The serum concentrations of folate and vitamin B12 of the pregnant women in each trimester are shown in Table 2. The mean concentration of folate for the 146 subjects was 17.9 nmol/L. Only 13 women had a serum concentration of folate below 7.7 nmol/L, a concentration that is at the lower end of normal for folate. There were no differences in the serum concentrations of folate among groups. The mean concentration of vitamin B12 for the subjects was 223 pmol/L, which is above the cut-off of 148 pmol/L for deficiency. However, 15 (9%) of the women had a vitamin B12 concentration below this cut-off. There were no significant differences in the mean concentrations of vitamin B12 based on trimester.

Homocysteine can be elevated in serum as the result of either folate or vitamin B12 deficiency. Eighty-eight (55%) women had a serum concentration of homocysteine above 12 μmol/L, and the homocysteine levels did not differ by trimester. Significant negative relationships with homocysteine were obtained for both folate (Fig. 1) and vitamin B12 (Fig. 2). The relationship between homocysteine and folate was best described by a linear equation (Fig. 1, r=0.24, p=0.003), whereas the relationship between homocysteine and vitamin B12 was best described by non-linear equation in which serum homocysteine concentrations increased markedly below 250 pmol/L (Fig. 2, r=0.41, p<0.001).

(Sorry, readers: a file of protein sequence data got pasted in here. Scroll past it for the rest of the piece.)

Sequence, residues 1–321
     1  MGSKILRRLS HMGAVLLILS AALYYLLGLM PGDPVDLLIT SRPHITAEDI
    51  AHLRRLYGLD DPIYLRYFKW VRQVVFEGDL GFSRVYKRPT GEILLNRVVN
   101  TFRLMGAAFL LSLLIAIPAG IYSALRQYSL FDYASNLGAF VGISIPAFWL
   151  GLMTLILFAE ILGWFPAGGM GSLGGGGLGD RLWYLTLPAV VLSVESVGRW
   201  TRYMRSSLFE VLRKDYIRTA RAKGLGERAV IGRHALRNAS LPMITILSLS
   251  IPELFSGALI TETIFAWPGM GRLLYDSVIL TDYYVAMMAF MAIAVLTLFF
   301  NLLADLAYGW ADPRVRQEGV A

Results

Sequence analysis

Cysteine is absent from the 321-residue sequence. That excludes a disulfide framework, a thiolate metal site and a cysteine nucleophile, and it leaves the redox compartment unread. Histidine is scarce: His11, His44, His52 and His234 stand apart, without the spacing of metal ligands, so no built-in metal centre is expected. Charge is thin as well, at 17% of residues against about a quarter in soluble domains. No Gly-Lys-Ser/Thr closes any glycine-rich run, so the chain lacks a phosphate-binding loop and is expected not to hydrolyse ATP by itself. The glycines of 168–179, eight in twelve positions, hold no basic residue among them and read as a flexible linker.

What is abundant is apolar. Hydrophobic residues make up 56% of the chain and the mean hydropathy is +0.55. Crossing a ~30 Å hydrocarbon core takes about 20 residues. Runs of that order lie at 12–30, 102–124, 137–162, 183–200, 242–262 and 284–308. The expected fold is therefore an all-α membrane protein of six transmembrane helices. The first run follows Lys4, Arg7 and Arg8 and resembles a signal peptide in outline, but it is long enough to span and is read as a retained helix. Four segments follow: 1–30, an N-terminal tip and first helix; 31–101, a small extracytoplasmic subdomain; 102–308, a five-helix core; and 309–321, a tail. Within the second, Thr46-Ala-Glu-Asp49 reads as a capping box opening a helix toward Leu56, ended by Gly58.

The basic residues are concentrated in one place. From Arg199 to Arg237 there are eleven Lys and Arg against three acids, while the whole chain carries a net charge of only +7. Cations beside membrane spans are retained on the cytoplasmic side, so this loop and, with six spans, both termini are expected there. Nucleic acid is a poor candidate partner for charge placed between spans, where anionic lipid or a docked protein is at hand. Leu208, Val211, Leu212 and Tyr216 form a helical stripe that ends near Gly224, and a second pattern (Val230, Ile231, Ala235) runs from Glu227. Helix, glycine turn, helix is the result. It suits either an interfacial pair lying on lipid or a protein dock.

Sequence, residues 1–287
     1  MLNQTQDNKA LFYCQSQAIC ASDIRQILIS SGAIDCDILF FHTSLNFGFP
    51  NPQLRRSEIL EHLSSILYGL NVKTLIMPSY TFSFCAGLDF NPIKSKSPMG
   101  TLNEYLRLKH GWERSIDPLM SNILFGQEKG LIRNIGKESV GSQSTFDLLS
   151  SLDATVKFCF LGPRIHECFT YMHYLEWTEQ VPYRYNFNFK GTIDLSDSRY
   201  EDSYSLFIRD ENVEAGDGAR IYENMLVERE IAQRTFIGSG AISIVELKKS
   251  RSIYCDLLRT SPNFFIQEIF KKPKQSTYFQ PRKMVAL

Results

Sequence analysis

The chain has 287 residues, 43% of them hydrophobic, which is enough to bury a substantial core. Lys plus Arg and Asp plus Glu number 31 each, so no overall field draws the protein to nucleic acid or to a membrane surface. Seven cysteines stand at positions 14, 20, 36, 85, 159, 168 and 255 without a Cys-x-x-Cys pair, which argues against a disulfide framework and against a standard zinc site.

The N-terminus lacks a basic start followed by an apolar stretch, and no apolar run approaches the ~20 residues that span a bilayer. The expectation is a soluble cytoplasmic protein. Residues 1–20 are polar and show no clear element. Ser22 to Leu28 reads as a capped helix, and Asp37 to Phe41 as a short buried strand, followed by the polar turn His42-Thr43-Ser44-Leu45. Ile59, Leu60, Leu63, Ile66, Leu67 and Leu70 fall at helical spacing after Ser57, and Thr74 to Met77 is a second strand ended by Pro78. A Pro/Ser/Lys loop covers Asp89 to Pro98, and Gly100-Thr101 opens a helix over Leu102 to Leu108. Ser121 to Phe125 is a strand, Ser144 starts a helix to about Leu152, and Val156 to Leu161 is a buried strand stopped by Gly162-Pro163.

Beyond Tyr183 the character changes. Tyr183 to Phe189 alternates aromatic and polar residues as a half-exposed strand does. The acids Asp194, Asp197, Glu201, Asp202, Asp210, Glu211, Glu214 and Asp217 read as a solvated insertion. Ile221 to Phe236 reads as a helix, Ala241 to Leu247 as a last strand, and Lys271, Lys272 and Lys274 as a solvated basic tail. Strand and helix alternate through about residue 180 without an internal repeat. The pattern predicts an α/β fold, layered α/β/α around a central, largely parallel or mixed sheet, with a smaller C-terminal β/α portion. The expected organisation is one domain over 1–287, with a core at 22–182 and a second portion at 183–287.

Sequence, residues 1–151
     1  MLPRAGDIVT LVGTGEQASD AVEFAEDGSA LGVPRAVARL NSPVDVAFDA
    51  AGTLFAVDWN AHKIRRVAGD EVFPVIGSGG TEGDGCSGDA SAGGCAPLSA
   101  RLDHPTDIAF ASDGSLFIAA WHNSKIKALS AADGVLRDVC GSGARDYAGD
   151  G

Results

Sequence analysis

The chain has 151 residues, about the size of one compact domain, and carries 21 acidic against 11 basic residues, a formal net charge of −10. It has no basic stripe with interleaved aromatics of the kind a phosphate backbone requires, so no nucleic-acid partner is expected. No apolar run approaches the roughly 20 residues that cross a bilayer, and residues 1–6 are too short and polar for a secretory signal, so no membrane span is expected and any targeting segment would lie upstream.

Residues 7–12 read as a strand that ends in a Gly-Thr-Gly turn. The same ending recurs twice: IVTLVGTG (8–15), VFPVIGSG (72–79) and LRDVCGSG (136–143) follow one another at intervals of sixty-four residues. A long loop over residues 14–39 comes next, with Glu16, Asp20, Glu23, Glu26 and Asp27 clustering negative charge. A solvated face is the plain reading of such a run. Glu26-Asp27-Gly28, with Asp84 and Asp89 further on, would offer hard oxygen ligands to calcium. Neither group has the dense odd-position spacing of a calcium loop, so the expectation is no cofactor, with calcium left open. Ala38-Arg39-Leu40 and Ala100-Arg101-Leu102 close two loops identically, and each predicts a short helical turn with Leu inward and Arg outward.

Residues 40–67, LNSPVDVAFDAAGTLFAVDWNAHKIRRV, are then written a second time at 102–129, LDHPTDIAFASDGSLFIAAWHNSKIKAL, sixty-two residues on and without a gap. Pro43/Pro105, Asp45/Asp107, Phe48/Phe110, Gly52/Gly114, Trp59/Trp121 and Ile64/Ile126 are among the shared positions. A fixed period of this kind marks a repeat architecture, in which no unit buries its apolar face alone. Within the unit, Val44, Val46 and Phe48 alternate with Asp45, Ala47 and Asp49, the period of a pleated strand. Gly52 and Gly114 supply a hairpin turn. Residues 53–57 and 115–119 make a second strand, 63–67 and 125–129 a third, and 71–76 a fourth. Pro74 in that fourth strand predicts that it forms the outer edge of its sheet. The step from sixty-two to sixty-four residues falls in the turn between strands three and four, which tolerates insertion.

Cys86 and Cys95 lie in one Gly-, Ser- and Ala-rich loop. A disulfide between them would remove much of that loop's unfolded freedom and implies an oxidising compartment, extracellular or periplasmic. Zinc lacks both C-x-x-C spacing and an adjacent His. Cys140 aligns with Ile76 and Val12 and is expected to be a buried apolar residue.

Fig. 1.
Relationship between serum concentrations of homocysteine and serum concentrations of folate in pregnant women in northern Nigeria (r=0.24, p=0.003)
Fig. 2.
Relationship between serum concentrations of homocysteine and serum concentrations of vitamin B12 in pregnant women in northern Nigeria (r=0.41, p<0.001)

Subjects were next grouped according to haemoglobin level (<105 and ≥105 g/L), and the gestational age-adjusted means for the biochemical parameters are shown in Table 3. The only biochemical parameter besides haemoglobin concentration and haematocrit that differed between the two groups was serum iron. The anaemic subjects had a mean gestational age-adjusted ferritin concentration of 13.5 ng/mL compared to 22.3 ng/mL for the non-anaemic women.

Table 3.
Biochemical values for women with haemoglobin values < or ≥105 g/L